In the electronic devices 1, 6, vessel patterns 2 can be formed by traces filled with a suitable dye mixture. In case of liquid dyes these may be mixed with a liquid crystal fluid. The scattering and absorption properties of the LCDs assigned to different areas can be electrically modulated in a reproducible manner. In the embodiment shown in
Further mechanical actuators may be provided that allow well defined movements up to 3 dimensions in space (X, Y and Z axis) as well as over time (controlled speed of movements). For imaging equipment such dynamic features are important to standardize checks and adjustment procedures for artifacts like blurring due to limited frame rate, the accuracy of movement compensation mechanisms, etc.
As illustrated, several test patterns (e.g. parallel line pairs 10 and/or fanned beams 11 at various pitches and with various spectral behavior) are embedded in a tissue-like optical material. Electrically controllable LCD-devices can be combined with these test patterns in order to add physiological signals (e.g. respiration and heartbeat). Also a spectrally neutral gray scale and a reference color pattern (incl. IR) may be incorporated. The test patterns 10, 11 may have well known 3-dimensional shapes and patterns (e.g. slits, trenches, cylinders, etc.). The external and internal surfaces of the device 9 can have an irregular shape that closely matches a part of the body.
The phantom can be used as a reference or training tool in combination with devices that enable the imaging of buried structures like blood vessels. On the phantom a region of a soft material, suitable for puncturing (e.g. with a needle) may be used in combination with an underlying target (e.g. a vessel pattern). This would allow users to practice their surgical, injection or blood withdrawal skills. It would also be a well defined and repeatable method to compare the functional parameters of different devices for imaging beneath the tissue surface.
Typically this would be physiological registrations as illustrated in
The device already needs to generate signals like these in order to modulate the LCD-devices, which also allows to make these signals externally available using standard connections as accepted by the field. By not only presenting these signals but also their setting values (e.g. using a digital communication protocol) an automatic calibration can be performed.
Even if automatic adjustment is not desired, the phantom can provide comparison between a stored waveform or image and the actually obtained waveform or image. Automatic recognition of devices that are compatible (and of those that are non-compatible) with the phantom can be achieved by the aforementioned communication bus and/or by comparing signals received by optical detectors in the phantom with reference parameters (i.e. if via a communication bus the device would present itself as a model X but send out a different characteristic wavelength or modulation, then compatibility is not warranted and e.g. an error message could be displayed.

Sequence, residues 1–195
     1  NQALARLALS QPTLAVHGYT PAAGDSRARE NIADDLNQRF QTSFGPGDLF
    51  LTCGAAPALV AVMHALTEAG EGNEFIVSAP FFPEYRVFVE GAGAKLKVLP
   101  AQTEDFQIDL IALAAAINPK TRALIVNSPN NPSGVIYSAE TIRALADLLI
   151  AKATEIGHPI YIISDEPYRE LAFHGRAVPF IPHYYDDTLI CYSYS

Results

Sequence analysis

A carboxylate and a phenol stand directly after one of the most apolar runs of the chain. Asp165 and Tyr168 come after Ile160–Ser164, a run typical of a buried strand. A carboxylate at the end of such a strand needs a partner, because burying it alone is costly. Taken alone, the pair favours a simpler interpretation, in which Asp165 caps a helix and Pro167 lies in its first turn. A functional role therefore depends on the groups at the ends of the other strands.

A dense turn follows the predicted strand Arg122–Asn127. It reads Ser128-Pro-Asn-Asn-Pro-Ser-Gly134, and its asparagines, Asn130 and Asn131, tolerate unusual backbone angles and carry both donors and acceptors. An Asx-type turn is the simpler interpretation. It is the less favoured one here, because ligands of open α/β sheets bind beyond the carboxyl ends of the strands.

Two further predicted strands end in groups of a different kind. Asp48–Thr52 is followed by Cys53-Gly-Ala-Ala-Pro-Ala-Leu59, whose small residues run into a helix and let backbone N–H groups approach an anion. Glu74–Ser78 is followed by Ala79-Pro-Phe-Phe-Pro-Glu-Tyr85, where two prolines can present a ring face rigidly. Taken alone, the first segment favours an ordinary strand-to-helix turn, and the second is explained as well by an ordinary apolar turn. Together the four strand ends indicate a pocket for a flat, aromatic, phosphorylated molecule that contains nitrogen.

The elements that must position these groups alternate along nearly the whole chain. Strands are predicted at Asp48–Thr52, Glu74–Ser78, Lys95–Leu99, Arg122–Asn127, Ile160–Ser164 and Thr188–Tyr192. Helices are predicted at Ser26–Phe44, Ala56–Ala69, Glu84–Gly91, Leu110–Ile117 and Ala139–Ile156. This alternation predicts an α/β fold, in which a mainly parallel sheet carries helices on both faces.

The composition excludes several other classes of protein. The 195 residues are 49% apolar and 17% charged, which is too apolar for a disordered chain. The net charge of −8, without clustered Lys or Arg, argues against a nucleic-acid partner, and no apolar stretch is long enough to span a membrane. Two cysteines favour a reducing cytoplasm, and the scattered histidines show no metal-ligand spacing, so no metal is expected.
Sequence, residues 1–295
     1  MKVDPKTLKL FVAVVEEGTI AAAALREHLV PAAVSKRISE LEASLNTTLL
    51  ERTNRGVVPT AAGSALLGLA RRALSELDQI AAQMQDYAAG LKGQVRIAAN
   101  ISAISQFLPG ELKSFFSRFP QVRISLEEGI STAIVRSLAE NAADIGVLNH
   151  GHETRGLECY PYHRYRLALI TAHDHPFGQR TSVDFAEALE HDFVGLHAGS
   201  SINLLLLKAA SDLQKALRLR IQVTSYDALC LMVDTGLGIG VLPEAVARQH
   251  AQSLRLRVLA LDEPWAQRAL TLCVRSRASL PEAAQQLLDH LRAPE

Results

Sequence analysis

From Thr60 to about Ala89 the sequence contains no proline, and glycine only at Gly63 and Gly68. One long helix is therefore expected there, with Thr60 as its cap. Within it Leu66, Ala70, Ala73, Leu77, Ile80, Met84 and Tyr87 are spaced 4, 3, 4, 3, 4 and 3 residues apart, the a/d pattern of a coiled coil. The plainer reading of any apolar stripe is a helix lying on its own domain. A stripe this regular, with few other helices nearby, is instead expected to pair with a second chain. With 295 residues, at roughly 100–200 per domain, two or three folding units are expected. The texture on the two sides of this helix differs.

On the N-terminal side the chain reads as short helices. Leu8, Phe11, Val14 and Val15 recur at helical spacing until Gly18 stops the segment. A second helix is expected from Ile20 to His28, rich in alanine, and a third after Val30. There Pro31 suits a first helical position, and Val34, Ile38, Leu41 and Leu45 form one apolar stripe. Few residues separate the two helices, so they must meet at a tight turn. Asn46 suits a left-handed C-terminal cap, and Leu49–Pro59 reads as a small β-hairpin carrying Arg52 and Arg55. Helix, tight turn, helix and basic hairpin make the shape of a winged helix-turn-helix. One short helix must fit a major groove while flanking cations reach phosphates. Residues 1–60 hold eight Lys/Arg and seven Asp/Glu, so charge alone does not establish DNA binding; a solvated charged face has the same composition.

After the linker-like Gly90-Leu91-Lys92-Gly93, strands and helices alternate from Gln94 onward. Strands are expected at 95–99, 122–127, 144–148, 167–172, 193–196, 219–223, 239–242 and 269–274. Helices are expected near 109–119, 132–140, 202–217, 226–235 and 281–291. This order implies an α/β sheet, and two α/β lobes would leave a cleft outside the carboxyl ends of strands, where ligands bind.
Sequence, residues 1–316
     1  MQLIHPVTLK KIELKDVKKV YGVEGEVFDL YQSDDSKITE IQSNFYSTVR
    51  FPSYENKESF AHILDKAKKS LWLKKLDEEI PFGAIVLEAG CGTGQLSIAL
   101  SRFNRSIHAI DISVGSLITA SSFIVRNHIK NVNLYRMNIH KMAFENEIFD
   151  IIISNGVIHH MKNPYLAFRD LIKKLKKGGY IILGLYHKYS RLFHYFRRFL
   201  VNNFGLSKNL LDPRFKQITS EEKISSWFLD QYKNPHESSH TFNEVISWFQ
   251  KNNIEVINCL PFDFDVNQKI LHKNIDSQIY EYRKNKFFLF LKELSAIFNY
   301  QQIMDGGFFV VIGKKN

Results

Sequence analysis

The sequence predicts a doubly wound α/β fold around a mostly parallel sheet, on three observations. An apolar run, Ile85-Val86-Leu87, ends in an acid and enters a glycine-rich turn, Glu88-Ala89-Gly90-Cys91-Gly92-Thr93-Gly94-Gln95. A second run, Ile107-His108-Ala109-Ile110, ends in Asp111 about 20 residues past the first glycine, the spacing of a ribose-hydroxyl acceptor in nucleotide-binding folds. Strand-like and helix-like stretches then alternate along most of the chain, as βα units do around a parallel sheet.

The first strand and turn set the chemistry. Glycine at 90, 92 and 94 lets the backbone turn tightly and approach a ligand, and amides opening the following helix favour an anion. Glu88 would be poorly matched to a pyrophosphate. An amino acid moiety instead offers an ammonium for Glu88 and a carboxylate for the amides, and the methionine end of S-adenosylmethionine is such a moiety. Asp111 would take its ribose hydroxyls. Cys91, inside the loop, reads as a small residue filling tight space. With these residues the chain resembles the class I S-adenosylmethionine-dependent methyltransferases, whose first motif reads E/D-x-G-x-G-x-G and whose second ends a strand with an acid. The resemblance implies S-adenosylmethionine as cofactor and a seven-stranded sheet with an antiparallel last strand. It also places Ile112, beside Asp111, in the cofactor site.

In traditional ultrasound phantoms a dynamic scattering behaviour can be achieved using a liquid or gel filled phantom with interchangeable mechanical parts, liquids or gels. Such devices are not very stable and difficult to transport.
In contrast, the liquid crystal devices such as PDLCs are very stable and behave like solid state components. Their reproducibility is excellent and individually controllable segments can be integrated into complex detailed 3-dimensional structures (“holographic structure simulators”).
3D-structures 21 (as seen in
Due to the continuous variability of scattering behaviour from non-scattering liquid to scattering liquid, the contrast level for discerning contrast between various structures can be determined. This contrast level is an indicator of echoscopic imaging quality.
The PDLC technique is also highly applicable for the calibration of harmonic ultrasound imaging devices (which use non-linear scattering behaviour to form an image). A typical application would e.g. be a bladderscan calibration phantom with stepwise variable scattering levels of the liquid volume within the simulated bladder.
PDLC technology can also be used to calibrate doppler ultrasound devices. By sequentially varying the scatter behaviour of a large amount of PDLC elements placed in a line, the propagation of a pulsating bloodflow can be imitated. Since the pitch of segments and timing of segment excitation can be controlled very accurately, a well determined time/speed profile can be generated for the simulated pulsating flow.
Existing calibration devices for doppler systems pump a suspension of micro-particles (e.g. latex spheres) through a liquid or gel phantom. These devices are cumbersome because the particles tend to clutter and portability is very restricted.
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|Citing Patent||Filing date||Publication date||Applicant||Title|
|US20150196235 *||Jan 15, 2014||Jul 16, 2015||Hong Kong Applied Science and Technology Research Institute Company Limited||Single-Body Unit for Pulse Oximeter Calibration|
|Cooperative Classification||A61B5/1455, A61B5/0059, A61B2560/0233, G09B23/30, A61B8/00, A61B8/587|
|European Classification||A61B8/58, G09B23/30, A61B5/00P|
|Mar 3, 2008||AS||Assignment|
Owner name: NEDERLANDSE ORGANISATIE VOOR TOEGEPAST-NATUURWETEN
Free format text: ASSIGNMENT OF ASSIGNORS INTEREST;ASSIGNORS:WIERINGA, FOKKO PIETER;BAKKER, DIRKJAN;MELICK, RENE GERARDUS MARIA;REEL/FRAME:020587/0666;SIGNING DATES FROM 20071204 TO 20071227
Owner name: NEDERLANDSE ORGANISATIE VOOR TOEGEPAST-NATUURWETEN
Free format text: ASSIGNMENT OF ASSIGNORS INTEREST;ASSIGNORS:WIERINGA, FOKKO PIETER;BAKKER, DIRKJAN;MELICK, RENE GERARDUS MARIA;SIGNING DATES FROM 20071204 TO 20071227;REEL/FRAME:020587/0666
|Feb 14, 2014||REMI||Maintenance fee reminder mailed|
|Jul 3, 2014||FPAY||Fee payment|
Year of fee payment: 4
|Jul 3, 2014||SULP||Surcharge for late payment|